Top Healthcare Jobs You Can Get Without a Four-Year Degree

By Martha C. White, Time Business & Money

If you don’t think you have the time or money to invest in a healthcare job, think again. Medical professionals aren’t just doctors and nurses.

The healthcare business is booming. Between an influx of newly insured people and an aging population, it’s a field with lots of potential. Last year, the Brookings Institution found that the industry had a whopping 22.7% growth rate, compared to a measly 2.1% increase for the rest of the labor market.

If you don’t think you have the time or money to invest in a healthcare job, think again. Medical professionals aren’t just doctors and nurses. A full 38 of 100 ranked as the best jobs of 2014 by US News & World Report are in healthcare. And here’s the best part: roughly two dozen of those don’t require a four-year degree.

“The biggest point here is the fact that with some education beyond high school, you can find yourself in a position where you really like what you’re doing,” says David Twitchell, an expert panelist with the Society for Human Resource Management and medical HR professional.

Some of these jobs require an associate’s degree, completion of a certificate program or a state license. The requirements vary by job as well as by state, but whether you just need a dependable job or plan to make a career of it — even if you never got past that embalmed frog in your high school biology class — there’s a top-ranked healthcare job that could work for you.

What if all I have is a high school diploma?

There are entry-level jobs, even in medicine. They don’t pay a lot, but if you’re young or just want to get your foot in the door, you can be a home health aide or personal care aide. ”There are a lot of people who are choosing to be home as opposed to in some kind of an assisted living facility,” which drives demand for aides, says Jada Graves, senior careers editor at US News & World Report.

“A personal care aide is a healthcare position, technically, but it’s much more of a companion than someone who needs to do serious nursing,” Graves says. The job might entail preparing meals, helping a patient with dressing and bathing or taking them to the doctor. A home health aide can be a little more involved in the medical aspect of caring for patients, although they’re still overseen by nurses. Aside from aide jobs, it’s also possible to get an entry-level medical assistant or secretarial position with just a high school degree.

What if I need a job soon?

Aside from the jobs mentioned above, there are other healthcare jobs you can qualify for fairly quickly. Becoming a massage therapist generally takes about 500 hours of training — which can just take a matter of months — and may require getting a state license. Dental assistant is another job with a fairly short on-ramp. According to the Bureau of Labor Statistics, some states don’t even have formal educational requirements.

Another option is becoming an emergency medical technician; training for the basic level generally takes less than six months. You can become a phlebotomist with about a year’s worth of training, Twitchell said — although it goes without saying that you have to be comfortable with blood and needles.

What if I want a job that can be a stepping stone to a better career?

Almost all of the jobs that take two years or less of training could potentially fit the bill if you’re willing to put in the time, money and effort to further your education, but Twitchell points out the path is sometimes long and winding.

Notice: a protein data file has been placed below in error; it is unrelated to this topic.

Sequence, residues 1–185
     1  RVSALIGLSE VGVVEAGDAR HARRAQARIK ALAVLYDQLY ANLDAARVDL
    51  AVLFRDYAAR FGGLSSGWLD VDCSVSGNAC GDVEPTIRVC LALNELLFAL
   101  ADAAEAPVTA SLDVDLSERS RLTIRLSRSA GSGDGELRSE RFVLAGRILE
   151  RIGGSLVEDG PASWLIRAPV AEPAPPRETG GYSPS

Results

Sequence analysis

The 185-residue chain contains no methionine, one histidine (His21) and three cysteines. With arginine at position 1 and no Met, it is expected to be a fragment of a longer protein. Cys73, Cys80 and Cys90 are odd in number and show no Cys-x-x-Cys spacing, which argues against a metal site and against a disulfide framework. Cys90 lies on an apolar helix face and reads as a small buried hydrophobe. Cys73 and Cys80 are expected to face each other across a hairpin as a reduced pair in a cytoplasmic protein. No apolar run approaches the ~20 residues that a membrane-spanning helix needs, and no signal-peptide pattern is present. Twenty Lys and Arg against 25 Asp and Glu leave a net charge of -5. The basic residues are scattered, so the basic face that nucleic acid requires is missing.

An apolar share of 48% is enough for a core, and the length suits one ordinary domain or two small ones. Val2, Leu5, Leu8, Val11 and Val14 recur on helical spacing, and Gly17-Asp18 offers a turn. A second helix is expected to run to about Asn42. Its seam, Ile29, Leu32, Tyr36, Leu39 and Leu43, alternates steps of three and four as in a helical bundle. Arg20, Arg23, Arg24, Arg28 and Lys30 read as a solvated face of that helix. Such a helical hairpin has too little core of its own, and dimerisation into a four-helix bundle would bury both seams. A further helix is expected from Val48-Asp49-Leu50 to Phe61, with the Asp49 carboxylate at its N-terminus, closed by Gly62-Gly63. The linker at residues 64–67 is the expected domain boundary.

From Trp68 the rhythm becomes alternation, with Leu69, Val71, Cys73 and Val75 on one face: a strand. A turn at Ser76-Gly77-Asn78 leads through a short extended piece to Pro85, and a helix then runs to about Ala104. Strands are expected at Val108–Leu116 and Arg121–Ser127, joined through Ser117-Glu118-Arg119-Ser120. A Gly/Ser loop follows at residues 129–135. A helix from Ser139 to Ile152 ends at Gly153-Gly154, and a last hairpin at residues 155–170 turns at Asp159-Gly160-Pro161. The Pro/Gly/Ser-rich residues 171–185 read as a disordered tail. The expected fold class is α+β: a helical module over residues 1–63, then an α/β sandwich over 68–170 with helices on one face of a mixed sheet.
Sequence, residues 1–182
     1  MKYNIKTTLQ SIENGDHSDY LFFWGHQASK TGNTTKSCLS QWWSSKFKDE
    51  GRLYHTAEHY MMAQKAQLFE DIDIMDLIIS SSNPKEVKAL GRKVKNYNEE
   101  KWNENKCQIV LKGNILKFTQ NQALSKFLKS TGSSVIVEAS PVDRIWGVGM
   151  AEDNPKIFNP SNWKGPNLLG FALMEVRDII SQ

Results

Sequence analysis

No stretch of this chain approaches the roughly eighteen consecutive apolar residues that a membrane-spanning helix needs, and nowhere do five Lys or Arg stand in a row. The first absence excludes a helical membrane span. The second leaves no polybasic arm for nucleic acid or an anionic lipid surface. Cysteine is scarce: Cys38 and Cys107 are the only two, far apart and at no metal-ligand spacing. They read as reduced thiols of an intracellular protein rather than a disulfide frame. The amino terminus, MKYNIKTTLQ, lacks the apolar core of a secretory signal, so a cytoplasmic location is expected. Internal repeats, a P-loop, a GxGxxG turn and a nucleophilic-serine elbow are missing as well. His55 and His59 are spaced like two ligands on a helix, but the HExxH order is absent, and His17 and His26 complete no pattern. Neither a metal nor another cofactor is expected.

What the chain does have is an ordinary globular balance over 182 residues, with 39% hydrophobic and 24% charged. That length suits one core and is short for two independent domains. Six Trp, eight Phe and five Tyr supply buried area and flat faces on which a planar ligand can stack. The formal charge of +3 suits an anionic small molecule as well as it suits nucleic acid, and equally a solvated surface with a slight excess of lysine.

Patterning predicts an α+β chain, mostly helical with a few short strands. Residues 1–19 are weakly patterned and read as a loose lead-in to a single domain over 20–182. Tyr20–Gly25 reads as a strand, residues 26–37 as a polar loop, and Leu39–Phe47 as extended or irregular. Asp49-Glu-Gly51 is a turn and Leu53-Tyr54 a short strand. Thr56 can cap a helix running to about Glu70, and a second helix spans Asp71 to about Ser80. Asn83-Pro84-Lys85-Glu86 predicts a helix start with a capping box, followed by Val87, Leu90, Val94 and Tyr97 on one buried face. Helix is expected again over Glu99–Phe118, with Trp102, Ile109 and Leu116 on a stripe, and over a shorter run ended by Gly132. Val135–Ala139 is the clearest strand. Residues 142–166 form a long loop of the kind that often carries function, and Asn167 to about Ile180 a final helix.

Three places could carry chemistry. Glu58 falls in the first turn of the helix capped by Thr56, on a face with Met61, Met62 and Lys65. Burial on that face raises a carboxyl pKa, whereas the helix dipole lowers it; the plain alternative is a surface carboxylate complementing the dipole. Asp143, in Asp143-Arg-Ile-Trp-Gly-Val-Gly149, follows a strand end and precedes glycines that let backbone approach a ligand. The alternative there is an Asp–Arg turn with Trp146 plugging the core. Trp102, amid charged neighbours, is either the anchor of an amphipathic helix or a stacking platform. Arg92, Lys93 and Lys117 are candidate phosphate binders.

For instance, going from a pharmacy technician to a pharmacist requires getting a doctorate degree. The same is true for physical therapy assistants who want to become physical therapists, Twitchell says, and going from an occupational therapy assistant to therapist requires a master’s degree.

“It’s not uncommon for someone to start off as a certified nursing assistant and go back to school to become a registered nurse. It’s like an entry point,” Twitchell says. Or, you could put in roughly a year of training and enter the field as a licensed practical nurse, Graves says. Even experience as a respiratory therapist — which often means successfully working in high-pressure settings like hospital ERs — could dovetail with advancement towards a nursing degree. And if you want to go further than an LPN, you can go back to school for a bachelor’s degree and work towards becoming a registered nurse.

What if I’m not really good at science?

Becoming a medical assistant or medical secretary might be an option, Twitchell says; although you might need to learn the medical jargon, especially if you’ll be transcribing or taking dictation, think of it more as acquiring a new language. This work tends to be more clerical; you’d be doing tasks like managing schedules, confirming appointments, greeting patients and so on.

Although massage therapists need to know about kinesiology (the science of how people move), Graves says the training is a more well-rounded approach than you remember from science class in school. And personal care and home health aides have a fairly low academic bar to entry, there’s not a lot of science in the day-to-day work. “These are fields where compassion is sometimes much more important,” she says.

What if I don’t want to deal with patients?

Would it make a difference if the patients were furry? If so, maybe being a veterinary technician — for which you’d need to earn an associate’s degree — is more your speed, provided you don’t mind getting well-acquainted with a pooper-scooper.

If you’re more mechanically minded, consider becoming a medical equipment repairer, where skills in engineering or technology are more important. Maybe you’d be better off repairing the machines that diagnose illness and injury rather than fixing patients themselves.

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